851G.16/7–3054: Telegram

The Ambassador at Saigon (Heath) to the Department of State


386. An honest land reform program intelligently and aggressively applied may offer one of the best means available for meeting Viet Minh challenge:1

Land reform offers Diem Ministry an opportunity to gain popular support for Vietnamese Government.
If promulgated soon and properly publicized, land reform may attract numerous refugees from Viet Minh zone before bamboo curtain is clamped down tightly.
Land reform cannot be applied if present poor security conditions continue to exist, but in conjunction with better military program than exists today and refugee resettlement it offers practicable means of bringing about restoration of law and order since assurances to peasants that they will be permitted to keep land they occupy may encourage them to cooperate with Central Government.
It may provide only enduring solution to imminent problem of resettling peasant refugees from Tonkin delta.
Earlier Vietnamese land reform programs were largely talk, but if program can be developed that is more than just sham, it will offer one of best propaganda weapons against the Viet Minh. Viet Minh has given much publicity to its own program (see Embassy despatch 302 February 9)2 but its land redistribution plans will be faced with well-known scarcity of land in one of the world’s most densely populated rural areas, whereas land is relatively plentiful in South Vietnam. Also possible that word of mouth reports of a good Vietnamese land reform will circulate in Viet Minh zone and partially overcome barrier, in form of Viet Minh censorship and lack of radios, against conventional type of American or Vietnamese propaganda program.

The Diem Ministry’s present program as set forth two weeks ago by the Ministry of Agriculture is inadequate for present needs, for it requires large amounts of money, trained personnel that is unavailable, and stable political situation. Briefly, it envisages small [plot] projects involving the purchase of several hundred hectares of land, expensive land improvement projects, and numerous social services (see FBIS–S 160200 July 15).

We should urge the government to drop this plan or include it in one providing for expropriation of all land holdings above modest maximum (except for industrial type agricultural enterprises, such as rubber and tea plantations) and grant of provisional land titles to [Page 1895] squatters cultivating small holdings and to all landless peasants and refugees who want to acquire land. The grant of provisional titles should be contingent on payment of a fixed percentage of the crop to the government over a period of ten to twenty years. Landowners might receive compensation for their expropriated land in the form of ten to twenty years bonds, payable in money equivalent each year of a fixed percentage of paddy crop. For example, a landowner might receive ten percent of value of average paddy crop of expropriated land over a fifteen year period, amount paid being determined each year by average selling price of paddy at farm from January to March. This system would offer landowner some protection against inflation.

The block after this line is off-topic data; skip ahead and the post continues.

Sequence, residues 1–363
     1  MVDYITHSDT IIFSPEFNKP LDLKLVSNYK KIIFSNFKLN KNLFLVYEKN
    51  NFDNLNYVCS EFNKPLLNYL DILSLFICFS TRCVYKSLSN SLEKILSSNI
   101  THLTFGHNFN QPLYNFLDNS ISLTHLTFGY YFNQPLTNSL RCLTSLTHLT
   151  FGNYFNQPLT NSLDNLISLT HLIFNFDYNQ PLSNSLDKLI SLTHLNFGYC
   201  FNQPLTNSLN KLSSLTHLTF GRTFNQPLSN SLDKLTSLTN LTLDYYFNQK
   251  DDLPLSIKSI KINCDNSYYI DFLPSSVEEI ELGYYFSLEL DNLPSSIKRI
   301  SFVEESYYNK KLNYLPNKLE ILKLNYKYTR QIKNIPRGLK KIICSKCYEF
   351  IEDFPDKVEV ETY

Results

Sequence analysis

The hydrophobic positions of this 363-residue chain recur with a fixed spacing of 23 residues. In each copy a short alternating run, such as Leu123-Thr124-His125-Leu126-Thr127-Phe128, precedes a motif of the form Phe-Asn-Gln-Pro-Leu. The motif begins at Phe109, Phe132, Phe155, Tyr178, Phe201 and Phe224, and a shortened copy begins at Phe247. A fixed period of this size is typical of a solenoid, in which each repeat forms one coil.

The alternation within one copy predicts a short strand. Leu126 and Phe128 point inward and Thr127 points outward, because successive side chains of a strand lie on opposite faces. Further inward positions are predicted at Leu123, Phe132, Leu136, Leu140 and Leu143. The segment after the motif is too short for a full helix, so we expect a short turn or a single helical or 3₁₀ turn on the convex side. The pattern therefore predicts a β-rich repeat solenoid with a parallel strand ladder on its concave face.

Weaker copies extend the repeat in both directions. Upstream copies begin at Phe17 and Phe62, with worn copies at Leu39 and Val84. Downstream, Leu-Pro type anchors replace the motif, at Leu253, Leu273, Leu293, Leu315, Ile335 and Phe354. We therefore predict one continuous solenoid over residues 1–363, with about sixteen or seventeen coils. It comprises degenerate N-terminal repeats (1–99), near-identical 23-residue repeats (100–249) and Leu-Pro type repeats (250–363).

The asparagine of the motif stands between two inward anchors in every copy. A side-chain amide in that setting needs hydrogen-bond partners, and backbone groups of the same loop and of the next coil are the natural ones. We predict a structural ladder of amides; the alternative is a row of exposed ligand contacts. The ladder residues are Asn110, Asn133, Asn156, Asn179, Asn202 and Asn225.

Most landowners will oppose expropriation, but against their objections following arguments can be made:

Present land reform legislation although full of loopholes, already provides precedents for maximum holdings (in South Vietnam 30 to 100 hectares, a maximum that might be considerably reduced) and for provisional grants to squatter.
Only in well-pacified areas, of which there are few, is large landowner receiving rent. Hence, few would be losing income as a result of expropriation of their property.
The landowner’s hope of receiving rent from his land is contingent on pacification, but pacification itself may be contingent on a more equitable system of land distribution than has existed in the past.
The alternative to a government-sponsored program may be a Communist one. Expropriation of [in] the Viet Minh zone has been tantamount to confiscation.
The traditional land holding system in South Vietnam probably did not encourage progressive agricultural methods. Large landowner did not work land himself, but rented it in small lots to tenants, who acquired no rights to improvements they might have made, or to large farmers, who in turn subleased the land.

There is probably a large amount of land available for redistribution and settlement. One of chief rice export houses last year estimated that twenty to thirty percent of rice land in South Vietnam lay fallow. Furthermore, in most provinces of South Vietnam there has been considerable decrease in population since 1945.

Land reform program will probably have to be started in those areas where there is a reasonable degree of security and land is available for a refugee resettlement program. If past experience with refugees in the Transbassac may be used as an example, we can expect security conditions in areas of resettlement to improve rapidly. Moyer3 is requested to give his suggestions.

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See also Tousfo 122 and mission cable which follows,4 discussing technical aspects of land reform as seen here.

This is joint USOM/Embassy message.

  1. In telegram 482 to Saigon, Aug. 6, the Department expressed agreement with this view and suggested that an expert technician be sent to Vietnam to make an on-the-spot assessment of the problem. (851G.16/7–3054)
  2. Not printed.
  3. Raymond T. Moyer, Regional Director for Far Eastern Operations, Foreign Operations Administration.
  4. Neither printed.